More people are becoming immunized against COVID-19, fewer people are seen wearing masks (especially outdoors), and greater normalcy is returning to our daily lives in most parts of the country. Yet, as a doctor, I continue to receive questions or hear concerns about the safety and efficacy of vaccines and how we should act.
Much of this is because of the evolving information being provided, the confusing and sometimes contradictory or misleading advice and reports that many Americans have read or heard, and the continued politicization of COVID variants, vaccination, masking and other public health recommendations.
A few of the most common questions I hear, and the answers I give:
Should I worry about my vaccine wearing off, and should I take a booster?
Currently no compelling evidence exists that vaccine-induced immunity has worn off, although Pfizer is expected to summarize its unpublished data from Israel to Drs. Anthony FauciAnthony FauciWhite House offers to answer Nicki Minaj's questions about COVID vaccine Trinidad health minister shoots down Minaj claims about vaccines Majorities in new poll support requiring proof of vaccine to fly, enter arenas MORE of the National Institute of Allergy and Infectious Diseases (NIAID), National Institutes of Health (NIH) Director Francis Collins, Centers for Disease Control and Prevention (CDC) Director Rochelle WalenskyRochelle WalenskyOvernight Health Care — Biden defends push for vaccine mandates CDC: Unvaccinated 11 times more likely to die from COVID-19 AmeriCorps partnering with CDC to recruit, train public health leaders MORE, Food and Drug Administration (FDA) acting commissioner Janet Woodcock, Surgeon General Vivek MurthyVivek MurthyBiden to speak at UN general assembly in person The Hill's Morning Report - Presented by National Industries for the Blind - Biden's .5 trillion plan will likely have to shrink Surgeon general: 'Our enemy is the virus. It is not one another' MORE and others, which reportedly show that over time its vaccine has shown decreased effectiveness at preventing mild — not severe — cases.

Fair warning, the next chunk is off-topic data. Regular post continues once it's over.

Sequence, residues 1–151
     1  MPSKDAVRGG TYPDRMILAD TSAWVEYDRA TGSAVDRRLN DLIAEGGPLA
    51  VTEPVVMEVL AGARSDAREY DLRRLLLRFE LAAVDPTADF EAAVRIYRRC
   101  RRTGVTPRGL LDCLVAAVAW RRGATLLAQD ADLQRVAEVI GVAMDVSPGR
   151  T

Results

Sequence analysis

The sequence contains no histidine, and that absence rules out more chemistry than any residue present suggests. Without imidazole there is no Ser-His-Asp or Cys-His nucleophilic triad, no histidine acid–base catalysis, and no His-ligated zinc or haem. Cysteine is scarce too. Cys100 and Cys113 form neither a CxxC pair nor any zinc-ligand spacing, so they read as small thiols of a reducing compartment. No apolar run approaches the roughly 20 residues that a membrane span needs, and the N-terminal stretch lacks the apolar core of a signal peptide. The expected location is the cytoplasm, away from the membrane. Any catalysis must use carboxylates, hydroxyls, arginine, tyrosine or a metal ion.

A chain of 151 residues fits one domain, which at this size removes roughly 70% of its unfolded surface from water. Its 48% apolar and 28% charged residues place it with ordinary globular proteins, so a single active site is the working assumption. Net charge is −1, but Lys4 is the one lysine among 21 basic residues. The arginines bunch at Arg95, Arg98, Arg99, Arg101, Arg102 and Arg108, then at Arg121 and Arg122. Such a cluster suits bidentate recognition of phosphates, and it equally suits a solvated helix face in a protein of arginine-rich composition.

Vaccine-induced immunity is measured in various ways, including T cell response, memory B cells in the bone marrow, and neutralizing antibody to the spike protein of the virus in the blood. It may turn out that having a booster is prudent to compensate for a potential waning immunity in the elderly and high-risk groups, as Pfizer suggests, and to retarget the vaccines toward the predominating delta and lambda variants. Today, being fully vaccinated with current vaccines offers substantial protection against all variants in terms of preventing infection, severe illness and decreasing spread.
Is there a good reason to force any group to be vaccinated? Will it help keep businesses and schools open?
Taking a vaccine is a personal decision, with the caveat that you also are protecting others by being vaccinated since it decreases not only your chances of becoming ill with COVID but of spreading it to others. So I am reluctant to recommend making it mandatory.
Having said that, a strong argument can be made for mandating this vaccine for health care workers because of the risk of spreading COVID to ill or immuno-compromised patients. It is disturbing that a substantial number of health care workers have irrationally refused to take the vaccine.
Beyond this group, compelling anyone to take the vaccine is very problematic, especially given that the vaccine is still being used under an FDA Emergency Use Authorization. Although Pfizer and Moderna have submitted applications to the FDA for full licensure, the FDA hasn’t approved them yet, a process that can take six months or more. A lot of pressure is on the FDA to move more quickly in this case but, until that happens, it is very problematic to try to mandate vaccines.
Should I continue to wear a mask in school if I am too young to be vaccinated?
Last week I spoke with Dr. Danny Benjamin, professor of pediatrics at Duke University and principal investigator of multiple studies on the question of COVID spread in schools. He told me that multiple trials in North Carolina, Nebraska and Utah all found that the rate of COVID transmission from an infected child at school is less than 1 percent, and he believes that mask-wearing played a crucial role. The CDC has now released guidelines that mask wearing is not necessary provided that a child is fully vaccinated and can maintain three feet of distance.